The UNC Pharmacy Department has been recognized as one of several forward-thinking cancer program members by the Association of Community Cancer Centers.

The department has implemented a drug vial optimization process which has led to significant financial, safety and clinical outcomes.

Associate Director of Pharmacy at the UNC Medical Center Lindsey Amerine explains the process as taking drug waste from single-dose vials and, by using a closed-system transfer device, extending it’s sterility up to seven days.

“We were able to, through a series of different studies that we’ve performed at UNC, make sure that we utilize that drug waste, make sure we’re able to utilize it for more patients, and through that we’ve had significant cost savings,” says Amerine.

Before this process of drug vial optimization, pharmacy guidelines stated that the old vials must be used within six hours.

The process not only allows for more patients to be treated, it has also already saved the university a lot of money.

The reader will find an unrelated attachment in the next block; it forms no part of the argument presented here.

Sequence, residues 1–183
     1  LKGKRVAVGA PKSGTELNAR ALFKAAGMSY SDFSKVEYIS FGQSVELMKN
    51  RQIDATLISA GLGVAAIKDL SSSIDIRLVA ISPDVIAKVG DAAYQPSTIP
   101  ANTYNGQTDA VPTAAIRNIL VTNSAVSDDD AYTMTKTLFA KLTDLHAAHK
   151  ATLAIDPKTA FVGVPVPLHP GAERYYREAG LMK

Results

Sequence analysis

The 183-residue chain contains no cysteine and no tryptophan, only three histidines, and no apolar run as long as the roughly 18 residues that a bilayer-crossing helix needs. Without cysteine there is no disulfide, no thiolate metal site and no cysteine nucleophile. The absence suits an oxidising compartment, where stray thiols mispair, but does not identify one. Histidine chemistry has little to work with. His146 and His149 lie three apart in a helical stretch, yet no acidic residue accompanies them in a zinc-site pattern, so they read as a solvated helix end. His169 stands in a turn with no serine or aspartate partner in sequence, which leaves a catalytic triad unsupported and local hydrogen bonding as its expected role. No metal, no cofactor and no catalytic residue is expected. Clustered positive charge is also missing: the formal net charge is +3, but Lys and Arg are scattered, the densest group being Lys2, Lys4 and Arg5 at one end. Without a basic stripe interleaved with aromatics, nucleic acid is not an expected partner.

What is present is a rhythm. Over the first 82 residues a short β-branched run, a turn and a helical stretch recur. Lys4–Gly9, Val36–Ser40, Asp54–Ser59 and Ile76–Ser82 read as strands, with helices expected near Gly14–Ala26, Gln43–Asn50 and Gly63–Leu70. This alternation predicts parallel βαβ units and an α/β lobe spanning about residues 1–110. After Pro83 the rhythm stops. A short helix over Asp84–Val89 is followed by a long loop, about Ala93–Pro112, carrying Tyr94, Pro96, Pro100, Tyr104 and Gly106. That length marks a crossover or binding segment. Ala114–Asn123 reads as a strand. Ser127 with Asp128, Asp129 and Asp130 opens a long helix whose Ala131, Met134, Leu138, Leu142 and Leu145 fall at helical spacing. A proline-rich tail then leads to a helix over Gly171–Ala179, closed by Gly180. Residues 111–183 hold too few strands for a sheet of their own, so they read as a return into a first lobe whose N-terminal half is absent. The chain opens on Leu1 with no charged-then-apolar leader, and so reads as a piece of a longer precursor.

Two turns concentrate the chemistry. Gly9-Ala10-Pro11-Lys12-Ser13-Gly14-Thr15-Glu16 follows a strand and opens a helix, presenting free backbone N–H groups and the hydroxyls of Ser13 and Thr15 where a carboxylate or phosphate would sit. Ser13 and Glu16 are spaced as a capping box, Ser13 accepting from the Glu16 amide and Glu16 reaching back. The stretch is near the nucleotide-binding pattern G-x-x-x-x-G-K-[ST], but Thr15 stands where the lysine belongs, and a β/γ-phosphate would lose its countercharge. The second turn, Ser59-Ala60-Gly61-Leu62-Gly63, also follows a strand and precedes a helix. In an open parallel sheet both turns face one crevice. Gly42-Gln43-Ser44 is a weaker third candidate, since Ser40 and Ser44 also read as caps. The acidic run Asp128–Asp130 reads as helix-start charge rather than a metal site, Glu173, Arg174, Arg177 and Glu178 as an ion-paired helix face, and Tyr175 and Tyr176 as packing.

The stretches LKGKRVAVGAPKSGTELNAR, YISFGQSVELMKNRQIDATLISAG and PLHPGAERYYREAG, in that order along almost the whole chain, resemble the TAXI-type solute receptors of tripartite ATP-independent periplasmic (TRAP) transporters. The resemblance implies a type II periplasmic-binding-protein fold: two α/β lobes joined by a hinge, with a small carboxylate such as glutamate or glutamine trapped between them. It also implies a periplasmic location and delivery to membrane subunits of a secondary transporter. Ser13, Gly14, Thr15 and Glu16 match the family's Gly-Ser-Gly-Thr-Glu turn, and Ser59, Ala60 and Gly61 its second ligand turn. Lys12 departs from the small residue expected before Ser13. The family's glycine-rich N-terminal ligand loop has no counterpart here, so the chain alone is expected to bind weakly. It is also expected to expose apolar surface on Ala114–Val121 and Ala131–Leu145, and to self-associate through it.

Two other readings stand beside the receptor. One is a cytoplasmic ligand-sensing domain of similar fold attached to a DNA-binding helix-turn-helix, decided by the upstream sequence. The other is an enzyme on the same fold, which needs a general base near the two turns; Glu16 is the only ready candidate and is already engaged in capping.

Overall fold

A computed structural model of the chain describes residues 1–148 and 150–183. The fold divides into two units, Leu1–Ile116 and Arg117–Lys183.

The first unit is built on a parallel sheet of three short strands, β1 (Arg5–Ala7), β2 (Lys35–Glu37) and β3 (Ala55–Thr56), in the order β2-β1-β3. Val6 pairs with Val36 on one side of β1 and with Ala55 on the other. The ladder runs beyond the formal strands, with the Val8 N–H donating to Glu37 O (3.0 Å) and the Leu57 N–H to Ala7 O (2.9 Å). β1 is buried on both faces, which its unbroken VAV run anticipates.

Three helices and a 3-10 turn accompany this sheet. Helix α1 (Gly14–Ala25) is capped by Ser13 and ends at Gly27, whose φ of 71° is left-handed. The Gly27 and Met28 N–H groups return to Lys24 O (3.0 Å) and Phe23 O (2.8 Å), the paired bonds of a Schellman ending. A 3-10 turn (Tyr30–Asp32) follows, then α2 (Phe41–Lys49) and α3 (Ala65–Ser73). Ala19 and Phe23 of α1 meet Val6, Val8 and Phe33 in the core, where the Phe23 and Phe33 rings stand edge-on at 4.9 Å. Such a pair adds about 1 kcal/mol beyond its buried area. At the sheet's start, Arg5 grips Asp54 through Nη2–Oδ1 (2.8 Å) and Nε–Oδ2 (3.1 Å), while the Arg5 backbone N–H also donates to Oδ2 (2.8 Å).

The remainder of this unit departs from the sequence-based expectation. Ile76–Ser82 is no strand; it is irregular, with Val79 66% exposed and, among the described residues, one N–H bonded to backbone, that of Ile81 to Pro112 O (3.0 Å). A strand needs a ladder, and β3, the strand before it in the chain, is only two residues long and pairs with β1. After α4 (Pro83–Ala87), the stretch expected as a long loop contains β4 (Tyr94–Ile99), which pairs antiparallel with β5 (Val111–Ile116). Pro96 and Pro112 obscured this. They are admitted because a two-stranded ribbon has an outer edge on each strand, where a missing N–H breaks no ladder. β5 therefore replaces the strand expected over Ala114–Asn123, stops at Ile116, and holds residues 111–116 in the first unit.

“On the cost-saving side, we’ve actually seen a savings of over $43 million each year by using this,” says Amerine.

Now the university is reinvesting those savings into multidisciplinary services and charity care programs.

Amerine says the UNC Medical Center’s goal is always to provide the best and safest patient care while still attempting to bring innovation to the field.

“I think for us, it’s getting in that mindset of always asking what the next question is and really trying to change the status quo,” says Amerine.

The North Carolina Cancer Hospital was the first program in the nation to adopt a closed-system drug waste transfer device.